It’s the collaboration you never knew you wanted, but makes perfect sense now that it’s happened: Old 97s, one of the best bands to ever come out of Dallas, and Roger Staubach, legendary Cowboys’ quarterback. A classic in-game photo of Staubach adorns the cover of the band’s upcoming record Twelfth.
Yes, it’s the twelfth LP from Old 97s (consisting of Rhett Miller, Ken Bethea, Murray Hammond and Philip Peeples), and Staubach wore the number 12. But Miller, the band’s lead singer and chief songwriter, explained in a recent interview with American Songwriter that there was something more at play. “Growing up in Texas, seventh-generation Texan, my Dad and I weren’t able to bond over much, like a lot of kids in Texas, especially arty, weird, sensitive kids like me,” Miller says. “But the only thing we were really able to bond over was football. Those 70s Cowboys, when I was a really little kid, had a great deal of mythical significance to me. When I started thinking about the fact that this was our twelfth album, it sounds flaky, but that vision of Roger Staubach on the cover came to me in a dream one morning, right before we went into the studio in Nashville to make the record. It feels more like it’s a bygone era. And that was before I even realized the significance of a person standing in front of a crowd of 60,000 people jammed in together.”
Today marks the release of “The Dropouts,” the second single from Twelfth. It’s classic Old 97s every step of the way yet pulses with the energy of a band making their debut, with unstoppable musical swagger and Miller’s effortless lyrical eloquence on full display. The song honors society’s underdogs, to whom Miller still feels a kinship despite the band’s success. “I think if I wasn’t hungry, I wouldn’t be able to write the songs that I write,” he says.
“The Dropouts” also features a slew of Miller’s typically quotable couplets. Case in point: “But that’s all right turns out you don’t need wings/When you’ve got whiskey and guitar strings.” Miller says he doesn’t force such pithy sayings, but will include them “if there’s a way to convey something that feels like a real experience, something that feels really internally honest to me, and convey that in a way that sounds good, like with juicy words and fun construction. I’m a big fan of symmetry. Obviously, I was so drawn to this form of art because of the rhymes, the way the rhymes were just endlessly symmetrical and the way that they bounce off of each other.
“If I can build up little lines that pile up on top of each other and make this thing that gets stuck in your head and you want to sing along to it or quote it back to me, it goes back to the idea of music being collaborative. It’s the collaboration between the songwriter and the audience. I’m singing this thing, but I’m trying to make it something that you’ll also want to sing and then we’re singing to each other. And, to me, that’s when it becomes a transcendent experience.”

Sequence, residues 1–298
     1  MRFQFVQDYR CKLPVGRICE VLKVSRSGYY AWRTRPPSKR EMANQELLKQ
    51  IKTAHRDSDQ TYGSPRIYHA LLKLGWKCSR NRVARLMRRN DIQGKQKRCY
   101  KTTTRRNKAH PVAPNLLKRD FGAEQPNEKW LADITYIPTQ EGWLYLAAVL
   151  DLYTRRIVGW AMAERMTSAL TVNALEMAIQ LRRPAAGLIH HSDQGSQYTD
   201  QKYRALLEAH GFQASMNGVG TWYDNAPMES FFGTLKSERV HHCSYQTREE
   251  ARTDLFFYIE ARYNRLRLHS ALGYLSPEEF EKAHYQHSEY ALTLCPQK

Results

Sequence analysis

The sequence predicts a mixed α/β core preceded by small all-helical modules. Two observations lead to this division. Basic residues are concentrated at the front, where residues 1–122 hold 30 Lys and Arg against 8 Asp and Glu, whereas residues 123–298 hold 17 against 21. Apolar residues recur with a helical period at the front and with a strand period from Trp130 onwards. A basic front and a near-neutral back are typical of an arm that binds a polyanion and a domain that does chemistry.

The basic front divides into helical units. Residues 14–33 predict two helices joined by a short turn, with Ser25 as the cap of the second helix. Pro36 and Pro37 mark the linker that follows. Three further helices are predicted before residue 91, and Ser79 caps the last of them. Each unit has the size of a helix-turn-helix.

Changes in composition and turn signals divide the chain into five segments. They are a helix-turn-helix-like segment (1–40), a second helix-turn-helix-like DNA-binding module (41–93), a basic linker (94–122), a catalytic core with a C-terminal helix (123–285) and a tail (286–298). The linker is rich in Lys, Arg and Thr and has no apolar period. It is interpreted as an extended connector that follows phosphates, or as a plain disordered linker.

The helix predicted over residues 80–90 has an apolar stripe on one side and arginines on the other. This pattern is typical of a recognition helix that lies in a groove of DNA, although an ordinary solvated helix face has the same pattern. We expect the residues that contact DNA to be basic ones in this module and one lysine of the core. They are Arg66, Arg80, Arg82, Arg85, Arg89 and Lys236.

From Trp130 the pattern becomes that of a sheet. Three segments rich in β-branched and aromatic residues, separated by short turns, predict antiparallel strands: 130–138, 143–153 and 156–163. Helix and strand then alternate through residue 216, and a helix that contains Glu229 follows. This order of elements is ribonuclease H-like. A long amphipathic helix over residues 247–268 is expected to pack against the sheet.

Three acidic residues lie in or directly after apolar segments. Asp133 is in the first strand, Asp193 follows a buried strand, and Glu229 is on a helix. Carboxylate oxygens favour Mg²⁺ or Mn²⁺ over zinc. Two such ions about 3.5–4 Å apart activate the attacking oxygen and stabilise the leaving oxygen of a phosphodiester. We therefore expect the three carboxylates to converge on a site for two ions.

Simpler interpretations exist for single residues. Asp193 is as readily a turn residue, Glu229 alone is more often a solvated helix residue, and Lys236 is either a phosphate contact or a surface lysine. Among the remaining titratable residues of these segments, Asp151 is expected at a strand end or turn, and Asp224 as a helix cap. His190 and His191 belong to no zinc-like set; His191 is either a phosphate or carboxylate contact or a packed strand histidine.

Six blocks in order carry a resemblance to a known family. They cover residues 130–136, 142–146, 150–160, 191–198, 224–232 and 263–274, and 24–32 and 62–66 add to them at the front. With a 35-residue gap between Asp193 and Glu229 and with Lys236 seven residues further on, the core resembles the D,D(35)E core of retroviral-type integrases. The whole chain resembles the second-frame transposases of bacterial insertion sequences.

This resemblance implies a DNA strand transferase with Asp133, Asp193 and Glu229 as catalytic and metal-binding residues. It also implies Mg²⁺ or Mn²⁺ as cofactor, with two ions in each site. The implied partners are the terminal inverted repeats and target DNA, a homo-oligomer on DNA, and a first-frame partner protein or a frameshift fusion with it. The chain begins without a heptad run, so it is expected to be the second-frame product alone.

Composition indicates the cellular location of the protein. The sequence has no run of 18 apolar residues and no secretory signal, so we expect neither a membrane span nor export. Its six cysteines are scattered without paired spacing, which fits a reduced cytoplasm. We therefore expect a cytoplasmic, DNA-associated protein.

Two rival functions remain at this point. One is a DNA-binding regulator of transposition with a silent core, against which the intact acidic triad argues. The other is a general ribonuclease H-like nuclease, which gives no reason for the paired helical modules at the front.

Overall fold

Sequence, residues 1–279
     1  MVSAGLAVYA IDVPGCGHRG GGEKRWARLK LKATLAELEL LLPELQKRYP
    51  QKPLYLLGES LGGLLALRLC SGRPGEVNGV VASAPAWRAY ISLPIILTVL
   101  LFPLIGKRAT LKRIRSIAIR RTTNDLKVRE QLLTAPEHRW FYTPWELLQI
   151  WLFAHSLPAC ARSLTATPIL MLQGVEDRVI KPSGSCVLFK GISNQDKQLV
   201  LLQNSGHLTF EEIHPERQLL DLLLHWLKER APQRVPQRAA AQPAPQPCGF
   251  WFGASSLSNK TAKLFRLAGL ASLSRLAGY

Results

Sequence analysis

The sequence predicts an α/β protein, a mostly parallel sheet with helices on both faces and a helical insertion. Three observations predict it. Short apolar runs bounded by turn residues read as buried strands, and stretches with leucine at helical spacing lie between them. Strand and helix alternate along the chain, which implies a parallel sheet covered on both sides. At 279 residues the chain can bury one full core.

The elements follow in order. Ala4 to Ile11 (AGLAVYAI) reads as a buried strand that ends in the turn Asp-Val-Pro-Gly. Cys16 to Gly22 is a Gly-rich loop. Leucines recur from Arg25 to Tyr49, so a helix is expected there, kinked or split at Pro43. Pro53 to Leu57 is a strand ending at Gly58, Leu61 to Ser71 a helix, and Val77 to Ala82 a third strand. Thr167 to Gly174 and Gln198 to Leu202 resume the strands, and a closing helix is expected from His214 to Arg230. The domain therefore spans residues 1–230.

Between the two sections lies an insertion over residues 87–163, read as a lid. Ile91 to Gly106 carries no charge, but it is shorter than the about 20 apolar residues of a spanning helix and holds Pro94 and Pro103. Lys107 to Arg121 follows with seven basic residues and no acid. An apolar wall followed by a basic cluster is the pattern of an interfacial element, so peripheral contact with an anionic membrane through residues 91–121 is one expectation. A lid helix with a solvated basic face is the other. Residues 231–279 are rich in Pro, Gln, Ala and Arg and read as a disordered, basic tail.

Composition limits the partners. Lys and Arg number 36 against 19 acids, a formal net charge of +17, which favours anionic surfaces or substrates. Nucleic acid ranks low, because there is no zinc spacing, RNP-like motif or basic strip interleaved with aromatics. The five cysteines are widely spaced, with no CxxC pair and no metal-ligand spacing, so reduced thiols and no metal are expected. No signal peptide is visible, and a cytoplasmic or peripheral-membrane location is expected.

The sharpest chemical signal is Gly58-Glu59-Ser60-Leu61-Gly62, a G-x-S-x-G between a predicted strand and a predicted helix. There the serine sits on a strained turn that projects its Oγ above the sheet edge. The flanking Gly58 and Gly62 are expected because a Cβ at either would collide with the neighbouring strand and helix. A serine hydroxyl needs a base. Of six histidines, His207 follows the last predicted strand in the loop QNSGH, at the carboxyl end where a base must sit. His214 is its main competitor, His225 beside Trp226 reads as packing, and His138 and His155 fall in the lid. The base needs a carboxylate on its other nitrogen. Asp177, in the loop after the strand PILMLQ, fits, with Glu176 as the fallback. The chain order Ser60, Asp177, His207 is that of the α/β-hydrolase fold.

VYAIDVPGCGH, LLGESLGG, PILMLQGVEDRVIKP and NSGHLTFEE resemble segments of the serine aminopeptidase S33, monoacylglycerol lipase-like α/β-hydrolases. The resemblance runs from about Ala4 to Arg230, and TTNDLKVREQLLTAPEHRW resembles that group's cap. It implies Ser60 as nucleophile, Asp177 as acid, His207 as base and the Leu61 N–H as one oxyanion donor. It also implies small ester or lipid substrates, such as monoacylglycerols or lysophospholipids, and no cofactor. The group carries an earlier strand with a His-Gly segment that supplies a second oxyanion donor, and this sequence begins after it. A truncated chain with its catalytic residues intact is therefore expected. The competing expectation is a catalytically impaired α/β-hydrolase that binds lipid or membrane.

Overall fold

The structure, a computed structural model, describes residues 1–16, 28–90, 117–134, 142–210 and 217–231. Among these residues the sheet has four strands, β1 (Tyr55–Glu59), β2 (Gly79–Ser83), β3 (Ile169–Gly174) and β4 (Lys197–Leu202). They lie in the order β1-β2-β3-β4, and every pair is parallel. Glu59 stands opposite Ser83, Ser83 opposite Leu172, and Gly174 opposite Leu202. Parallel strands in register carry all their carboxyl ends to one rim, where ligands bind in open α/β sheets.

The fact that we are even hearing Twelfth at all is a minor miracle. It was recorded in Nashville in March amidst the tornados that besieged the city and right before the pandemic shut everything down. On top of that, Miller explained that the album had actually been pushed back from its original January 2019 due date to problems with the original choice for producer and Bethea needing surgery. But, he says, all the delays and obstacles led to a stronger record in the long run.
“if we hadn’t made it when we made it,” Miller explains, “there was a whole slew of songs that wouldn’t be there that I feel like are the crux of the album, including ‘The Dropouts’, including ‘Turn Off The TV.’ ‘I Like You Better’ might be my favorite song on the album and that was the last song that I wrote, like three weeks before we went to Nashville to make the record. We were able to wait as long as we did, even though it goes against everything in my anxiety-riddled artistic personality. I feel like I’m always in a rush. But it made me slow down, let the schedule be what it was, and really great things came out of having to wait.”
Miller also made the decision to eschew any outside co-writers this time around after using them a bit more liberally on the band’s last album, 2017’s Graveyard Whistling. “I think after doing a lot of that (co-writing) the last few years, I was ready to just give myself permission to do stuff that was outside of my comfort zone,” he says. “And I was also ready to actually step up and take ownership of the songs and the things I was saying. I felt like it was important for me to let the voice be my voice rather than a collaborative voice. The worst thing that can happen is it becomes like the lowest common denominator. I’ve got a couple of co-writes over the past 15 years where I felt like this is just me settling. When you’re writing by yourself, there’s no settling. You can fight with yourself and you’re always gonna win and lose. I’m really, really proud of the songs on this record and they do feel like me rather than some version of me filtered through someone else.”